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‘The Beast’ BMW R1100S Cafe Racer – Moto Adonis

Posted on March 10, 2017 by Andrew in Café Racer. 32 comments

Written by Marlon Slack.

Moto Adonis is a curiously named workshop based out of Roosendaal in the Netherlands. They’ve cut their teeth on a few staples of the scene over the last few years, producing a Virago cafe racer and some tidy old airheads. This time around it’s another crouched down, cafe’d up special but built around a rare sight in the custom scene – a late-model 2004 BMW R1100S – the dad jeans of sport bikes.

Maybe the owner of the Beemer knew this when he first approached Moto Adonis. Like many others after a cafe racer, he was lusting after a stripped-back custom based on a 70’s or 80’s Bavarian. You’ve seen it done hundreds of times before, the R75/5 or R100 with blacked-out rims and a choaded-out rear end. They’re always good. But after riding the customers’ everyday R1100S, the team decided that was going to be the base of their next build.

According to Daan Borsje, head Adonis of Moto Adonis, it was an easy direction to go in. He was smitten with the bike. ‘The power, the raw sound, that big ass open wheel… I loved it!’ he says. It has a good amount of horsepower on tap, it’s reliable and handles well too. So on paper it sounds like a prime candidate for a build, except, according to Daan, one minor thing: It’s ugly. ‘…of course the styling sucks,’ he admits. ‘But that’s why he came to us!’

“The R1100S is not a cool bike in stock trim. They’re mostly admired by very middle-aged, very clinical riders with names like ‘Herbert’ and ‘Doug’.”

And the styling on the standard model is no minor hurdle to overcome. Because no matter what you think of the R1100S it’s not a cool bike in stock trim. They’re mostly admired by very middle-aged, very clinical riders with names like ‘Herbert’ and ‘Doug’. That’s partly why you don’t see too many customised. The other reason is it’s a modern bike, with modern challenges to overcome during the build process.

Most of those were related to hiding the wiring. The crew tore down the BMW and then turned their attention to the fuel tank. The standard unit was stripped and had the bottom end cut out which was mated to the top and sides of a R100S police gas tank. That allowed the fuel pump and electronic wizardry to be Anne Frank’d up away inside. The rest of the wiring is pushed into a box that sits where the old airbox used to live. But most of it is under that tank.

‘Everything is under there. The ECU, the ignition coils and the fuel pump, of course,’ Daan says.’Besides that in front of the tank there are a thousand cables, relays and all the usual stuff you’ll find in a modern bike’. In a neat touch, a bracket was mounted to the right hand side of the tank to fit the Acewell speedo.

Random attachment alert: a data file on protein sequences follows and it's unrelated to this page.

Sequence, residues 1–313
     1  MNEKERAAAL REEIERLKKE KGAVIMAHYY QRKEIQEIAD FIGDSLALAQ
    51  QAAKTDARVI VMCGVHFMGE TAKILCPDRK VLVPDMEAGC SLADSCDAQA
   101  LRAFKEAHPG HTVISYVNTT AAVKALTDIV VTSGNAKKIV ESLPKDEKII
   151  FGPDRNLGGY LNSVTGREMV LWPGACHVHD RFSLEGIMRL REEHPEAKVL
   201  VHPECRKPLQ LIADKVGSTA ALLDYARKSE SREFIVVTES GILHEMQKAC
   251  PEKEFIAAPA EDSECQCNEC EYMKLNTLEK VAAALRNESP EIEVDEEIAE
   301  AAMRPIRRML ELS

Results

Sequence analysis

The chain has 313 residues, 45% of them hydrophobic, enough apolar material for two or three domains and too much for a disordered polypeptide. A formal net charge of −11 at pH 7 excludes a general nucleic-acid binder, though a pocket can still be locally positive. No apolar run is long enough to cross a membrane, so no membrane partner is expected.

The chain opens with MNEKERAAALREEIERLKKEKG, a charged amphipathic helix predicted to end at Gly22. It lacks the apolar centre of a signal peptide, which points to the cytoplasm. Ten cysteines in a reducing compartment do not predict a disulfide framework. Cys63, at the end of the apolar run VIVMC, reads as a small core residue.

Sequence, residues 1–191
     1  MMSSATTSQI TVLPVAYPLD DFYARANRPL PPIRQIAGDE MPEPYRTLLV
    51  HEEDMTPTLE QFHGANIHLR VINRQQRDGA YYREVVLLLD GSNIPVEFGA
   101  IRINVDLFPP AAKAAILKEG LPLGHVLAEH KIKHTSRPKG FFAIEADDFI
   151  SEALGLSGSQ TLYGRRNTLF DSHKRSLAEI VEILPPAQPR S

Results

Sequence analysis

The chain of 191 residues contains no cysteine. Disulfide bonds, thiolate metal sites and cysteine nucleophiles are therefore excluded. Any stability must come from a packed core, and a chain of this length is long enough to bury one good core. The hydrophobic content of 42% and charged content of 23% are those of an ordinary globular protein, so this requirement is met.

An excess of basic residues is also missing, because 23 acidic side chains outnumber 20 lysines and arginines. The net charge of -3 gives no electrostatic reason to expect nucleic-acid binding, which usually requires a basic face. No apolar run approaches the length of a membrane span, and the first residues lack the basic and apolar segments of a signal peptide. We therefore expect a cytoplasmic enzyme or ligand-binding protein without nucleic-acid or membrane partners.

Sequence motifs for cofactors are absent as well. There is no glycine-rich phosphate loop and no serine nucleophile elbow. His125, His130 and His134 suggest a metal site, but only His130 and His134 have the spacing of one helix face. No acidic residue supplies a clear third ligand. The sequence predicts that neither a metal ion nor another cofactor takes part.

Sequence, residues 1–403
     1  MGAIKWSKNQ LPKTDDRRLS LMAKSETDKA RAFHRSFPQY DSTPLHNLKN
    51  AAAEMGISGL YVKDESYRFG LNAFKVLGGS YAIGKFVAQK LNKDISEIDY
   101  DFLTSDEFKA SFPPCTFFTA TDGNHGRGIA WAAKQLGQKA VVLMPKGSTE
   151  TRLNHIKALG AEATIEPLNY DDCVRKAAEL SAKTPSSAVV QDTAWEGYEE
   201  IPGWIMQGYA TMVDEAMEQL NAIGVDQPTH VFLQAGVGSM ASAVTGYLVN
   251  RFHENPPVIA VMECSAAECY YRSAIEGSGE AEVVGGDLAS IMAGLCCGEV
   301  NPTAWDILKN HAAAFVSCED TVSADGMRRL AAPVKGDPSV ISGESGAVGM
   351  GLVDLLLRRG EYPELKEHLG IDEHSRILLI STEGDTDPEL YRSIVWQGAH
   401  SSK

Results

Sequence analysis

At the back end, a new tail loop was installed on the stripped down frame, with an integrated LED brake light and indicator mount. Now a staple of the custom motorcycle scene, German company Motogadget provide the controls on the clip-ons.

Finally, the paint was completed using a colour from Renaults’ catalogue (the only thing even vaguely related to Renault I’d let near a bike) which is a deep grey with a light fleck in it. It works nicely which with the pale grey covers over the shaft drive and engine head which dominates the palette from the right hand side.

“The paint was completed using a colour from Renaults’ catalogue (the only thing even vaguely related to Renault I’d let near a bike)”

Hauling the BMW cafe racer along are a pair of custom headers running into a Shark exhaust, K&N air filters all round and a power commander unit to get the fuelling just right. Hagon suspension keeps both ends planted firmly on the ground. Well, mostly. ‘The thing flies like a plane!’ declares Daan, ‘I’m heading off to do some wheelies!’

[Moto Adonis – Facebook – Instagram | Photos by Mark Meisner]

  • Right about the stock bike, but I think Herbert Quandt would really like to see what’s happening with “his” bikes.

    PS. Proud to see another great machine from Holland!

    • Marlon

      The Dutch don’t do too many customs, but when they do it’s lekker!

      • Haha!

      • guvnor67

        Back in the late 80s and early 90s we used to meet up with a large group of Dutch men and ladies, at the Kent Show and Bulldog Bash, all on really kool, well built bikes, all great people, all mad as a bunny on illegal substances. Good times!

  • Len Farquharson

    I know that you have to filter out so many BMW customs. The reason that they are so popular is that the basics are just so sound right out of the box. Thanks for letting a few of the better ones through. There is much to like about this build!

  • Marc Claes

    My congrats to Daan, Moto Adonis worked out a dream in all aspects. It will be a joy to ride.

  • JayJay

    Oh god I really like a stock r1100S.. I’m only 27! Don’t forget the design is from 1998, it aged pretty well IMO. As for the transformation: It’s a really nice one. Looks functional.

    • Marlon

      I secretly like them too. But I enjoy riling people up too much not to chuck in a dig at the model.

  • the watcher